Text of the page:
While the concept of a small, furry animal piloting a large, threatening mech is a little bit, uh, *holds up spork,* Gato Roboto managed to win me over from its first reveal. I just loved the dumb little cat, the music, and that killer logo (so much so I set it as my phone wallpaper for a while). Plop a Devolver Digital splash screen in the trailer and I was sold.
Promising a small but tightly designed “Catroidvania” (Christ), Gato Roboto holds up its end of the bargain pretty well. It’s small, sure, but there’s some charm here that, while sort of stock-standard for this kind of indie title, managed to give its cold black and white art style some warmth. There aren’t any big surprises, but I found it pretty refreshing to sit down and knock out in just a handful of hours thanks to some great pacing.
Kiki, our protagonist, must explore the derelict research facility at coordinates 42069 in an effort to save her master, who is trapped in their ship after a crash landing. The dialogue is cheeky and self-aware in a way that is honestly starting to feel more trite than funny nowadays, but at the very least it’s only a short time before Kiki finally gets in the robot. From here you’ll blast your way through frogs, frogs and more frogs as you exit the starting area, collecting the federally mandated missile upgrade on the way.
The combat in Gato Roboto is an obvious strength. Interestingly, how many missiles you can blast enemies with isn’t determined by ammo count. Rather, there’s an overheat mechanic that only allows two to be fired in rapid succession before needing to cool. I really liked this little innovation, especially since the mech’s starting gun is all but worthless in the face of long-range foes. The heat gauge is represented on the outer border of the game’s unorthodox UI, which shrinks the play area to display all sorts of worthless but cool looking information like time played, Kiki’s expression, and radar.
I lied earlier, you fight more than just frogs in the game. Actually, there are some pretty sweet boss battles against a talking rat, living furnaces, and nonliving gun turrets. The rat fights are a huge highlight, each sporting a wonky but intensely catchy fight song and capitalizing on the game’s movement and mechanics at the end of each major zone. These can be a bit of a roadblock compared to the rest of the combat, but checkpoints are frequent. You will have to mash your way through all the dialogue leading up to the fight on every retry, though, half of which usually consists of the words “Meow” or “Squeak.”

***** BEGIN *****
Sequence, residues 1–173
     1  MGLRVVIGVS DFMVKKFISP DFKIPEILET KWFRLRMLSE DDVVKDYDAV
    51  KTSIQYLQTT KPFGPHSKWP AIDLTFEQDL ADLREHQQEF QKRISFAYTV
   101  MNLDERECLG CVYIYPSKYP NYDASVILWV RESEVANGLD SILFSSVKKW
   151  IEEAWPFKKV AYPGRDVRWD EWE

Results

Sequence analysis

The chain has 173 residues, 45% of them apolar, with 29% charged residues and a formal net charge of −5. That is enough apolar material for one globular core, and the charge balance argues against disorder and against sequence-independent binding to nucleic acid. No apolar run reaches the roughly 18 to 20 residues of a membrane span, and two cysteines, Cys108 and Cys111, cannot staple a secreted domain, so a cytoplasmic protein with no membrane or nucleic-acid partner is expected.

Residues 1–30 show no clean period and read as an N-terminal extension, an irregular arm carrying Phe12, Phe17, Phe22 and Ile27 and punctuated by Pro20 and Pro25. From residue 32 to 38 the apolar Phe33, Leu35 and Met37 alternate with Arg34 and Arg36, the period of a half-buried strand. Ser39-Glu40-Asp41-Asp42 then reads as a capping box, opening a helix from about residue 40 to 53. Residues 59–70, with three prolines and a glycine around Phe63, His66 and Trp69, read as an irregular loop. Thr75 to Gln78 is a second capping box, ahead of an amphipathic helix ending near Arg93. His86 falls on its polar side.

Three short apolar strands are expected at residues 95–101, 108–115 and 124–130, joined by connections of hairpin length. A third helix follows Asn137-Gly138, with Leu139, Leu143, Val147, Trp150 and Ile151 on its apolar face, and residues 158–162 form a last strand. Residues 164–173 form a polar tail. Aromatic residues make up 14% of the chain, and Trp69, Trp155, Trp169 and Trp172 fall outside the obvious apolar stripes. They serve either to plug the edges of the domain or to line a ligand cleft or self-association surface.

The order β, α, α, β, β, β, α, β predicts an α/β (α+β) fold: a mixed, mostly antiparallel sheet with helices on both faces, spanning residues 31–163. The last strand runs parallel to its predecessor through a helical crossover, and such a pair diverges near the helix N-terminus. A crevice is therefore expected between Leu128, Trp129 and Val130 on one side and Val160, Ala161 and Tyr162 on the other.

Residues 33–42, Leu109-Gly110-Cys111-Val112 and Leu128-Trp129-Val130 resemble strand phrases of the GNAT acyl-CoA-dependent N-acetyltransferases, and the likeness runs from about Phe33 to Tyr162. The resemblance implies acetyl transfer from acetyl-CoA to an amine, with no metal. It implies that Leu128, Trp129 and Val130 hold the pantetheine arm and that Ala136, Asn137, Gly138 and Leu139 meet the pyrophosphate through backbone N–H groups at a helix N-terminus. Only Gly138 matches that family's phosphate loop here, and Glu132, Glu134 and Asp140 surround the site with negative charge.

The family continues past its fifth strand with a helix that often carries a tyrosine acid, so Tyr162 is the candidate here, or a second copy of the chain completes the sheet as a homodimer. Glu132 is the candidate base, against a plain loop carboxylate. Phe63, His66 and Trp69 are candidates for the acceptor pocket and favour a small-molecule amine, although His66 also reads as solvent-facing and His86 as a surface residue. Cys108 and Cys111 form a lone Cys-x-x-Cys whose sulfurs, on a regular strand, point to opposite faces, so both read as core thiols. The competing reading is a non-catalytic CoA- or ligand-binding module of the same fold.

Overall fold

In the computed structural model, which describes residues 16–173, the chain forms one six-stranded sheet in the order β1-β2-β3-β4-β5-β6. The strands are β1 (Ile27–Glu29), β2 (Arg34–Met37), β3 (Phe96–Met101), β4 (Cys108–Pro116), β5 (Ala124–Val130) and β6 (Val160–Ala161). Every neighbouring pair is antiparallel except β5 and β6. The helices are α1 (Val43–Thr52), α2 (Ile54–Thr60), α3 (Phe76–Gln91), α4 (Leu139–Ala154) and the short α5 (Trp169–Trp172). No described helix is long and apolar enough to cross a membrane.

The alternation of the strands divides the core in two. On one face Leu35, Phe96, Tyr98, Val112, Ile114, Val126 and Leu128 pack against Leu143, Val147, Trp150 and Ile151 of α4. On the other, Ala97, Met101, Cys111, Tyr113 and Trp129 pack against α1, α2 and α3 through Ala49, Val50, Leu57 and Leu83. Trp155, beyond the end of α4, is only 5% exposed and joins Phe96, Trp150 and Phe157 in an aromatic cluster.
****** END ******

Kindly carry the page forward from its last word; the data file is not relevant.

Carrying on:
All told there’s not much meat to Gato Roboto, and this is both a good and bad thing. Axiom Verge made me want to barf with all its backtracking through annoying-enemy laden zones, and thankfully there’s none of that here. At worst you’ll find yourself zipping a few screens away to collect a health boost or color palette since every major upgrade is mandatory and unmissable. This gives Gato more of a Mega Man vibe than Metroid, as each zone has a clearly defined objective culminating in a boss fight. It does beg the question of why it was designed as an open map at all, especially when there are few opportunities for exploration, let alone getting lost.
Those mandatory upgrades I mentioned earlier consist of a double jump (think screw attack), dash, and cooling unit for your missiles. While few in number, each upgrade vastly impacts your options in combat, and the boss fights capitalize on these wonderfully. So, once again, think Mega Man, not Metroid. You’re using new powers to push your way forward, and very rarely to backtrack for smaller upgrades. This plays into the pacing of Gato Roboto, which manages to capture most of the feeling of the genre without playing into one of its core facets.
Taking the backtracking and exploration out of a Metroidvania slims it down quite a bit. Gato Roboto is a short game, about 3-4 hours if you take your time, which explains its low price of $8. If you like the sound of a trimmed-down title with some great game feel, a wonderfully unique soundtrack, and some serviceable combat, don’t hesitate. For the rest of you – I’ll just say “dog people” – just know what you’re getting into and there’s plenty reason to give it a go.
This review is based on the Nintendo Switch Version of the game. A copy was provided by Devolver Digital.
Gato Roboto is a refreshingly simple take on the Metroidvania formula. It's not going to impress everyone, but if you're just looking for solid side-scrolling action and a pretty cute cat, it won't disappoint.